A series of militant killings of civilians in Indian-administered Kashmir this month has prompted members of the region’s small Hindu minority to leave the area for fear of further attacks on their community, some residents have told VOA.
“Those who say none of us left [Kashmir] after October 8 are lying,” said Abhay Koul, 24, referring to the date on which he said some families started to depart his gated community of local Hindus, known as Pandits, in the Sheikhpura neighborhood of Budgam district. He spoke while waiting to enter the compound through a gate guarded by Indian police and paramilitary forces.
Eleven civilians have been fatally shot by militants since October 2, according to local authorities. The total includes two Pandits, four non-Kashmiri Hindu migrant workers, one minority Sikh, one Muslim migrant worker and three local Muslims.
The Resistance Front (TRF), an Islamist militant organization believed to be an offshoot of the Pakistan-based Lashkar-e-Taiba, claimed responsibility for most of the attacks.
The Associated Press reported that TRF claimed in a social media post that it was targeting people working for Indian authorities. It said the group’s statement could not be independently verified.
Koul said most of the apartments inside the Pandit compound were empty following the targeted killings.
“The fear of being killed has triggered migration plans for Pandits once again,” Koul said. “Fifty to 60 Pandit families who lived inside Sheikhpura packed their luggage and left the Kashmir valley during the night of October 8 to 9. In my building, only my family is staying behind,” he added.
Koul noted that his family was among the few Pandits who continued to live with Muslims in Pulwama district since the 1990s when armed insurgency erupted in the region.
The compound has become a no-go zone for outsiders. VOA approached police and paramilitary forces on duty for permission to enter it but they refused, citing “security” reasons.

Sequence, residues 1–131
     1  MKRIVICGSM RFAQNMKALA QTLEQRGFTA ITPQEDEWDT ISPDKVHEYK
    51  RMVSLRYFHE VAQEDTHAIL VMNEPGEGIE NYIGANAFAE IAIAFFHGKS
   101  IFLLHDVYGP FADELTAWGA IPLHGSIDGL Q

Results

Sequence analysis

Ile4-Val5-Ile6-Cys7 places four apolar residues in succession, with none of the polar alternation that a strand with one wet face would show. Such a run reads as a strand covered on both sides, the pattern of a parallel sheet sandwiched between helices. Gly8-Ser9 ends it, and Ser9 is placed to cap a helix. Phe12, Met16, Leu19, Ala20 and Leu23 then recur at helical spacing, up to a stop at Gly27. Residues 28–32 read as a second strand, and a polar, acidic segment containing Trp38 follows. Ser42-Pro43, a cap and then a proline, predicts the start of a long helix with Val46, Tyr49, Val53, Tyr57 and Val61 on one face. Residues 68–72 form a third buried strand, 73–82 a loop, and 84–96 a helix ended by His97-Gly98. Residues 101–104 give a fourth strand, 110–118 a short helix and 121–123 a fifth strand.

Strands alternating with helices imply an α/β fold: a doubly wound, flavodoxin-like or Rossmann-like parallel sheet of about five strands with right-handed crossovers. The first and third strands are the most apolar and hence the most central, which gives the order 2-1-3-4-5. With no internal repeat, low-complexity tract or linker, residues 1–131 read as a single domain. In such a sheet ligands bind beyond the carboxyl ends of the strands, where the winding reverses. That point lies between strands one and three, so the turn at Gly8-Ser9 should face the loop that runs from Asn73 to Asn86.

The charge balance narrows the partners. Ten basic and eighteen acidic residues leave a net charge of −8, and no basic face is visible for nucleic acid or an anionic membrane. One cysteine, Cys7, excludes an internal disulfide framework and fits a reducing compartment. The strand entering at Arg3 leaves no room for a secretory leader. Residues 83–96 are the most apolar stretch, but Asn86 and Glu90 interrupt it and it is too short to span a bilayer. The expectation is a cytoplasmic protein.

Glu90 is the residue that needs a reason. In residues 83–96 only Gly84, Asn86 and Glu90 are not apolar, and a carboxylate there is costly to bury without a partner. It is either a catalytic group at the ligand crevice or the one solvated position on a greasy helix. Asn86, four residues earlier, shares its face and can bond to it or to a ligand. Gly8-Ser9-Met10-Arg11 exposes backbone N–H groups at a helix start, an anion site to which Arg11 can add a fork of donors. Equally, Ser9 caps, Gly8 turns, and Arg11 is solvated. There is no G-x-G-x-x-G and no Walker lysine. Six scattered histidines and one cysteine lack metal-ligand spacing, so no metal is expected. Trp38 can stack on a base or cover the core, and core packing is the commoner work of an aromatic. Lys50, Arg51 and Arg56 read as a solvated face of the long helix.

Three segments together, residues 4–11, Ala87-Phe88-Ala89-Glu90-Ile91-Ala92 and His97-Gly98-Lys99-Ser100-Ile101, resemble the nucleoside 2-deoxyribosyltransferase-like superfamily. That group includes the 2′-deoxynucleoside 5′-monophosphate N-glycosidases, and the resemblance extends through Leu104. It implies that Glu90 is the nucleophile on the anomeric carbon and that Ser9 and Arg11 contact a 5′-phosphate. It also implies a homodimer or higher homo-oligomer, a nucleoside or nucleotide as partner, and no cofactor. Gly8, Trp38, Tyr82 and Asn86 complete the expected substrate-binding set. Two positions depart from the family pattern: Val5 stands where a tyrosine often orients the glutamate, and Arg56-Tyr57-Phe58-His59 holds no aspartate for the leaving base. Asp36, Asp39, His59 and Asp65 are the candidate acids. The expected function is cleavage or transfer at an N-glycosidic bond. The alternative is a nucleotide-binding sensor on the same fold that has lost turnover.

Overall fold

Another local Hindu resident of Sheikhpura, Madan Lal, recalled fleeing Kashmir along with thousands of other Pandits in the 1990s, fearing death at the hands of anti-India militants. He said they settled in different parts of India and in the predominantly Hindu Jammu region of the disputed Indian-administered Jammu and Kashmir territory, which has a Muslim majority.
A prominent Kashmiri Islamic scholar, Grand Mufti Nasir ul Islam, told VOA that India’s majority Hindu-led government engineered the Pandits’ migration from Kashmir in the 1990s.
“The Muslim community protected hundreds of Pandit families who stayed in Kashmir valley after thousands of them fled,” Islam said. That protection included providing Pandits financial aid and helping them to perform funeral rites for members of their community, he said.
“Muslims over the last 30 years have been asking Pandits to return and live with us,” Islam said.
Lal said more than 300 Pandit families returned to Kashmir in response to then-Indian Prime Minister Manmohan Singh’s 2008 policy of offering jobs and housing to minority communities. It was part of Singh's attempt to encourage other displaced Pandits to return home and live alongside Kashmiri Muslims as they did previously.